Fwd: [UPHPU] User Login suggestions
etierra at gmail.com
Thu Sep 2 14:06:06 MDT 2004
Ugh, did it again... I know the mailing list header isn't a standard,
but could we please still have it?
---------- Forwarded message ----------
From: Tierra <etierra at gmail.com>
Date: Thu, 2 Sep 2004 14:05:19 -0600
Subject: Re: [UPHPU] User Login suggestions
To: David Smith <davidsmith at byu.net>
On Thu, 2 Sep 2004 13:52:01 -0600 (MDT), David Smith <davidsmith at byu.net> wrote:
> PHP makes setting up logins using both sessions and cookies pretty easy.
> However, if you have some specific functionality in mind, I would
> recommend you investigate the many pre-existing solutions for this
> problem. There are many CMSs (content management solutions) out there, and
> most (if not all) support user logins and permissions and such. They may
> even provide the functionality you need for the user area of your site.
> If you just have a simple need and your security requirements aren't
> extreme, then writing your own login code may be easier than grokking a
> new CMS.
> Anyway, as long as I'm typing let me just spew a few tips for user logins:
> 1. Store passwords as MD5 hashes. Don't store them in clear text.
> 2. Use sessions if possible, as it takes a little more effort to secure up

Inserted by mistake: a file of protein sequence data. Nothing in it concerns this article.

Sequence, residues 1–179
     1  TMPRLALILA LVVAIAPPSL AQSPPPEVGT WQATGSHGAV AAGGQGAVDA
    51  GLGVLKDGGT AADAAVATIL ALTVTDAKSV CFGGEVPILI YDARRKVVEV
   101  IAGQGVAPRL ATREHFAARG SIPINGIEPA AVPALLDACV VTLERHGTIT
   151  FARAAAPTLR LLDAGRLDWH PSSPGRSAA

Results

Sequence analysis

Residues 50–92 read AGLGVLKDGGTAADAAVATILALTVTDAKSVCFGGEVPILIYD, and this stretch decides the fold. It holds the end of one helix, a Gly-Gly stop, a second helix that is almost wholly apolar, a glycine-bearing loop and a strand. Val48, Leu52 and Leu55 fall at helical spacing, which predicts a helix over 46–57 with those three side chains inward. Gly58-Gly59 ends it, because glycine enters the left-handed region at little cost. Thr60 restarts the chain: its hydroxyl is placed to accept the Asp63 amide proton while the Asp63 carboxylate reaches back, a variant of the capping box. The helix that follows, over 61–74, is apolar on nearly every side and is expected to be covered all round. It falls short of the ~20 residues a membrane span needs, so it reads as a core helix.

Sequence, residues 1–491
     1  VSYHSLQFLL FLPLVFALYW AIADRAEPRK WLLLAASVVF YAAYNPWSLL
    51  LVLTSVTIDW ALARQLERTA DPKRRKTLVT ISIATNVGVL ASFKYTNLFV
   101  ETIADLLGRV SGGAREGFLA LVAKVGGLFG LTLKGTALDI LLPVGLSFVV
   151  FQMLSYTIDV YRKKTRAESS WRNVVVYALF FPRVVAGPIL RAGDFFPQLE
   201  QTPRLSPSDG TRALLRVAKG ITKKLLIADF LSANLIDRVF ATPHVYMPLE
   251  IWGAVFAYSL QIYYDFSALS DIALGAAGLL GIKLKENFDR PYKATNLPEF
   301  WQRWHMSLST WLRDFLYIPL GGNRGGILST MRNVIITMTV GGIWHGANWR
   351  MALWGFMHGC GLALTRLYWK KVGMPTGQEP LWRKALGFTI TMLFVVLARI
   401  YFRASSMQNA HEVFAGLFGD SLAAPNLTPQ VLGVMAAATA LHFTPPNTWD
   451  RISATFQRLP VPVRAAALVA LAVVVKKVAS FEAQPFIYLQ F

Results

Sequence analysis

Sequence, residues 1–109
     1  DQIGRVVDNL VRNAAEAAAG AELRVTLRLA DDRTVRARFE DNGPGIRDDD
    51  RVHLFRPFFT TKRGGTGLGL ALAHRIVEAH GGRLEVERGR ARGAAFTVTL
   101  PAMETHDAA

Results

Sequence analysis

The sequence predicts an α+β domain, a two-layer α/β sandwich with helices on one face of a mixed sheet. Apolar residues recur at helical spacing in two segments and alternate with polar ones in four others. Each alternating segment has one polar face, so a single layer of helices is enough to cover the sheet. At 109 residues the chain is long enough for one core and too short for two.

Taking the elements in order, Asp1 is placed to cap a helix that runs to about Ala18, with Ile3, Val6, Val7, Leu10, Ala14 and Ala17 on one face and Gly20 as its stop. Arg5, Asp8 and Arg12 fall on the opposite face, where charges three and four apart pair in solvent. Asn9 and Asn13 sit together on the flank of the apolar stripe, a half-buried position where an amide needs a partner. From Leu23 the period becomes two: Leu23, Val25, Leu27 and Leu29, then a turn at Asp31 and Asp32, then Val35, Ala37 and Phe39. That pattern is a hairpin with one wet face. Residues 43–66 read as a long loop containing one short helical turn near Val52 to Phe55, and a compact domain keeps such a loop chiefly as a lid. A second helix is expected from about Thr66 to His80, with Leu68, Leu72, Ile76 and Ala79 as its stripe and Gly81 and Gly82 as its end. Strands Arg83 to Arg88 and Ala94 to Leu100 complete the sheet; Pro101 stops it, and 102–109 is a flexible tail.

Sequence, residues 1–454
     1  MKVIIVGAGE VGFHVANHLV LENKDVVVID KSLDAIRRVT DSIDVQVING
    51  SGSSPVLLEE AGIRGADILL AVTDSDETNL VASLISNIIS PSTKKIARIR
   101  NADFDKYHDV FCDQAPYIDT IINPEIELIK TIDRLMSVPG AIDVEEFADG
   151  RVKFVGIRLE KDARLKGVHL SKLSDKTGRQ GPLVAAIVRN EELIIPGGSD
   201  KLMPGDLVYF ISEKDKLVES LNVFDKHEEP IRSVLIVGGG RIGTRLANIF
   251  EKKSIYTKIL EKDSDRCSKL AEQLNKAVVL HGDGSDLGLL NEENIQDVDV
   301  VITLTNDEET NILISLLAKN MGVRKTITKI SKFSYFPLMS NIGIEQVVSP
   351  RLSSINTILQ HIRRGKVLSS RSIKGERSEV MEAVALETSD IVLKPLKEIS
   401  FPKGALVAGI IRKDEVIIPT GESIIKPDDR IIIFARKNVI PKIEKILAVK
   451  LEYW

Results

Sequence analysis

> cookie-based logins.
> 3. Make sure your code prevents duplicate login names (sounds obvious, but
> you'd be surprised).
> 4. You might try out some of the PEAR authentication classes to make your
> system more modular. I haven't used it, but LiveUser looks pretty cool.
> Another one you might look at is the PEAR Auth package to really make
> things flexible on the back-end.
> That's all I can think of for now. :)
Let me add to Dave's advise:
5. Only let users know the login failed if anything goes wrong, do not
show why it went wrong. (Hackers find valid usernames that way).
6. If using cookies, make sure the cookie can't be faked. I guess that
goes along with 2, but Dave didn't point out the reason cookies are a
little less secure (PHP sessions already take care of that problem for
7. If also possible, code in an account lockout mechanism for more
than at most 5 login attempts. It can expire in an hour or a day, but
that prevents being able to brute force a password.
I could go on about RSA encryption, SSL, and others as I've coded up
my own very secure login system.
More information about the UPHPU